Seagate FreeAgent GoFlex Net: Dual-Drive Dock With USB and Social Media Ties
At a Glance
If you've read about the Cloud Engines Pogoplug, you know most of what you need to know about the Seagate FreeAgent GoFlex Net. This USB storage sharing device ($100 as of September 1, 2010)--which looks a little like the upper couple of inches of a compact black toaster--incorporates the same technology as the Pogoplug, so you get supereasy access to your files from any Internet connection, along with the ability to share them with others.
The main difference between the GoFlex Net and the Pogoplug lies in the connection hardware: The Pogoplug provides four USB 2.0 ports for attaching storage, while the GoFlex Net has two 2.5-inch SATA hard drive bays (designed to accommodate the Seagate GoFlex portable hard drive) and a single USB 2.0 port for attaching USB drives. Seagate sells GoFlex drives that fit snugly into the dock, but the connectors inside are standard SATA and I successfully connected several non-Seagate drives to the ports. In fact, you should be able to use any 2.5-inch SATA drive that has separate data and power connectors, though you might have to remove it from its case first.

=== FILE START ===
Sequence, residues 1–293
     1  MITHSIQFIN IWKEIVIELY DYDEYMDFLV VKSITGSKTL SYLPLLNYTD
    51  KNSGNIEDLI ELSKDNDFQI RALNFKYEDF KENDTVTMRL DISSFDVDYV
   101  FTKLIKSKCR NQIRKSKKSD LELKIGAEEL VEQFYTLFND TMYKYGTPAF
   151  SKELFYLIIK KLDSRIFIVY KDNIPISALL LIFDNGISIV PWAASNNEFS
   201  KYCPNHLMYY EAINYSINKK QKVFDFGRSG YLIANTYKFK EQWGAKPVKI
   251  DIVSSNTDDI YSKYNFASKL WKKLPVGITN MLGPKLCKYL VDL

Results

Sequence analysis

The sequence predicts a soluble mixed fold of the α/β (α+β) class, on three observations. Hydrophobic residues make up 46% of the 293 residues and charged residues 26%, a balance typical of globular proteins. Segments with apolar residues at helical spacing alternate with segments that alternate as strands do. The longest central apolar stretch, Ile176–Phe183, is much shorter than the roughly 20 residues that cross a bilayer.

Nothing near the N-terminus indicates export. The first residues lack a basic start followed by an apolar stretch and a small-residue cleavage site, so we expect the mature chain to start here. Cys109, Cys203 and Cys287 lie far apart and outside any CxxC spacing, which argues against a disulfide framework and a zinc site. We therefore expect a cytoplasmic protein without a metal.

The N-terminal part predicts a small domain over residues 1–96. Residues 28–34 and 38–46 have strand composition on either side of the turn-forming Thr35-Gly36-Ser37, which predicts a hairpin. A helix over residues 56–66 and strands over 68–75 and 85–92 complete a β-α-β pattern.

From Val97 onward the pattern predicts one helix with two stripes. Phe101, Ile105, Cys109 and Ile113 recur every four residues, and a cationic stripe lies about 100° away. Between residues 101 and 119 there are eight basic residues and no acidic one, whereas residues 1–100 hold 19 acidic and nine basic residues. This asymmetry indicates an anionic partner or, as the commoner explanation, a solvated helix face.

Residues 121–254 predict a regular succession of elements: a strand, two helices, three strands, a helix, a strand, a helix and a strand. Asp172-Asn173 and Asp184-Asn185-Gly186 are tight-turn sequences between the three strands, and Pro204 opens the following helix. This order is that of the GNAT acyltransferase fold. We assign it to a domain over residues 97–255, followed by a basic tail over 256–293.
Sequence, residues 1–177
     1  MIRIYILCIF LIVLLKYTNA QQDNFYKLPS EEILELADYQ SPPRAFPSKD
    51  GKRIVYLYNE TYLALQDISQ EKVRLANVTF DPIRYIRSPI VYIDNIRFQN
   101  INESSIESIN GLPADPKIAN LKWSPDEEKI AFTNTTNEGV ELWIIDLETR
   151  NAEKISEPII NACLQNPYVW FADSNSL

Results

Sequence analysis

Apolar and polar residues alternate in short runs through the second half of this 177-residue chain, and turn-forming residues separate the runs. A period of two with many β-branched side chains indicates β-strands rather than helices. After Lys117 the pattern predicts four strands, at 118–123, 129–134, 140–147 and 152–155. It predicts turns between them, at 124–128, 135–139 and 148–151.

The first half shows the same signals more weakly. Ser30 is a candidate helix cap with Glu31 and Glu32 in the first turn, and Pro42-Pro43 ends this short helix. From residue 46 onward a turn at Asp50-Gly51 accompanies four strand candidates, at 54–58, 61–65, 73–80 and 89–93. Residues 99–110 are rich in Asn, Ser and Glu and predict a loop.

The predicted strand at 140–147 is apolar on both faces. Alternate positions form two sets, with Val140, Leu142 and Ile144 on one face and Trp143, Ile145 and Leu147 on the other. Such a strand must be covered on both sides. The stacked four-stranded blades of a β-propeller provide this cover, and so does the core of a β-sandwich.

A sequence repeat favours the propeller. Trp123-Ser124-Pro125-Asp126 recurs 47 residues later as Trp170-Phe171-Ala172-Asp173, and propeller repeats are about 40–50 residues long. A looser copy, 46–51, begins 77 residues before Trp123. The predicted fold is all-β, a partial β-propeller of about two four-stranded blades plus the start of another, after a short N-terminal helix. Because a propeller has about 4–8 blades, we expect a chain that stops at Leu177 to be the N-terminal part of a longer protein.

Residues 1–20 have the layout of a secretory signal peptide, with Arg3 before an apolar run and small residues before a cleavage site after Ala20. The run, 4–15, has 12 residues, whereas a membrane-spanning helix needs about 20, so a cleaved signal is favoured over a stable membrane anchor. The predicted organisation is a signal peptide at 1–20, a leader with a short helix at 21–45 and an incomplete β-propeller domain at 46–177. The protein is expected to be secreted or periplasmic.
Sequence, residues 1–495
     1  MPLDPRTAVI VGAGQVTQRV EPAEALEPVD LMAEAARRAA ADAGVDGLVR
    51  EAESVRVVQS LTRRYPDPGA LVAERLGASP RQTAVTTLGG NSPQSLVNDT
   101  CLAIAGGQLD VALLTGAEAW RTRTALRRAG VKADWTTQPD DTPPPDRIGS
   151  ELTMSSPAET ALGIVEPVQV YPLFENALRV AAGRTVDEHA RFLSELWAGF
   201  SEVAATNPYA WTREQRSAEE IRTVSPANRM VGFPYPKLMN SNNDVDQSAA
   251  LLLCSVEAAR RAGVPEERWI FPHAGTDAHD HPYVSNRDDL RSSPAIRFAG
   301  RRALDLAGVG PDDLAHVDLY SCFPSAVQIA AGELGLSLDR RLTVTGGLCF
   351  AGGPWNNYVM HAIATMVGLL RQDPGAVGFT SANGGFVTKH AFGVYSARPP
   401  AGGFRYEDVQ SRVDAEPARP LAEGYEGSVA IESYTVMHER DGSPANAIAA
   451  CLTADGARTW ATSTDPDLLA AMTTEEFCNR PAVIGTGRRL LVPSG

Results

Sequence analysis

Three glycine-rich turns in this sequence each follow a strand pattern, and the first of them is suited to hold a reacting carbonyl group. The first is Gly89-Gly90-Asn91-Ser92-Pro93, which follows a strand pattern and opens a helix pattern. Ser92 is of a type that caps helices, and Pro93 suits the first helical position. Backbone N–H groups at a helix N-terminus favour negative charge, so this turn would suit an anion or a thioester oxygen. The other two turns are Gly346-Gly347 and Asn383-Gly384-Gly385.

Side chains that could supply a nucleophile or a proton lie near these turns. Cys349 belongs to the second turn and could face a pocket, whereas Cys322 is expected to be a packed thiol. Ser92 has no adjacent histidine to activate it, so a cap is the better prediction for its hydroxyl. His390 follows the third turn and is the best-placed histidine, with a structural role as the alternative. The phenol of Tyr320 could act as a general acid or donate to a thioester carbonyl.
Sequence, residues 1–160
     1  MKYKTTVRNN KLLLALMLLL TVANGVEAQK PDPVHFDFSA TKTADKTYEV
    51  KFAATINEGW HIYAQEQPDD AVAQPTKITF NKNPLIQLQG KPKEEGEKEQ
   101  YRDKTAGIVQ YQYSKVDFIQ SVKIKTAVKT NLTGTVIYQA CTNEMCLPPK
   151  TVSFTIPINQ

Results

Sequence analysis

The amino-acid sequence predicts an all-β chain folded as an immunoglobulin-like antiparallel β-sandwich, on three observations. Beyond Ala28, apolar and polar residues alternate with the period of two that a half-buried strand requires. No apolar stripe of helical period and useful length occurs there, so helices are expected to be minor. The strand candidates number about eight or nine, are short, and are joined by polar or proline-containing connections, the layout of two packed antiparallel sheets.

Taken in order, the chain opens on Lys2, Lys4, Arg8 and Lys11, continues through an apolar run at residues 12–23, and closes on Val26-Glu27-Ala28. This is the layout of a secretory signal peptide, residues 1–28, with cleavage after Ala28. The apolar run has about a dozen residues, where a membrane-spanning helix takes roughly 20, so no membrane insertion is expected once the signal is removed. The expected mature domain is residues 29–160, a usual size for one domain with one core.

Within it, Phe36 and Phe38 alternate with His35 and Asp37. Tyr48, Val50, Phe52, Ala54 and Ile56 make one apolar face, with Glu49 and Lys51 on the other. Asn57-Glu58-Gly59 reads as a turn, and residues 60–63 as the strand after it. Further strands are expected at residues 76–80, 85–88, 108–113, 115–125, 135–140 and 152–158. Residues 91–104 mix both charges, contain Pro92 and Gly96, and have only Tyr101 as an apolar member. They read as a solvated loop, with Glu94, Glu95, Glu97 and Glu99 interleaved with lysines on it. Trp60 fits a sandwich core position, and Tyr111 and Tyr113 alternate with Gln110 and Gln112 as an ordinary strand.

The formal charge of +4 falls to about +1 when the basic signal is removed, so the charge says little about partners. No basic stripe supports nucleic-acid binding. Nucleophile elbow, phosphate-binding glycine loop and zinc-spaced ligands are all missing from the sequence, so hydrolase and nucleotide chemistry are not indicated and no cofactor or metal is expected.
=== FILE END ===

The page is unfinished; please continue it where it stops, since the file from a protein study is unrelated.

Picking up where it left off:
As with the Pogoplug, setup for the GoFlex Net's setup is very simple. Plug the unit into the wall and into the router, go online to Pogoplug.com, create an account or sign in to an existing one, and select Activate New Device. Previously, users had to enter a serial number found on the bottom of their Pogoplug-technology product, but now (in most cases) the devices appear automatically.
The Pogoplug online portal lets you copy, delete, download, and upload files--basically, anything that you can do with your files at home. There's even an online viewer for perusing images, Microsoft Office files, and other content without having to fire up a local application--handy in Internet cafés that offer only browsing. Seagate includes software for file syncing, too. And the GoFlex Net works with social networking services and portable devices like the iPhone and the iPad. Pogoplug doesn't support local network administration or access, as the Ctera Networks CloudPlug and the Iomega iConnect Wireless Data Station do, but it allows you to share files online more easily than with CloudPlug.
Many users will appreciate being able to plug SATA drives directly into a Pogo-enabled dock. My only complaint is it has only one USB port, though you can work around that (as I did) with a powered USB hub.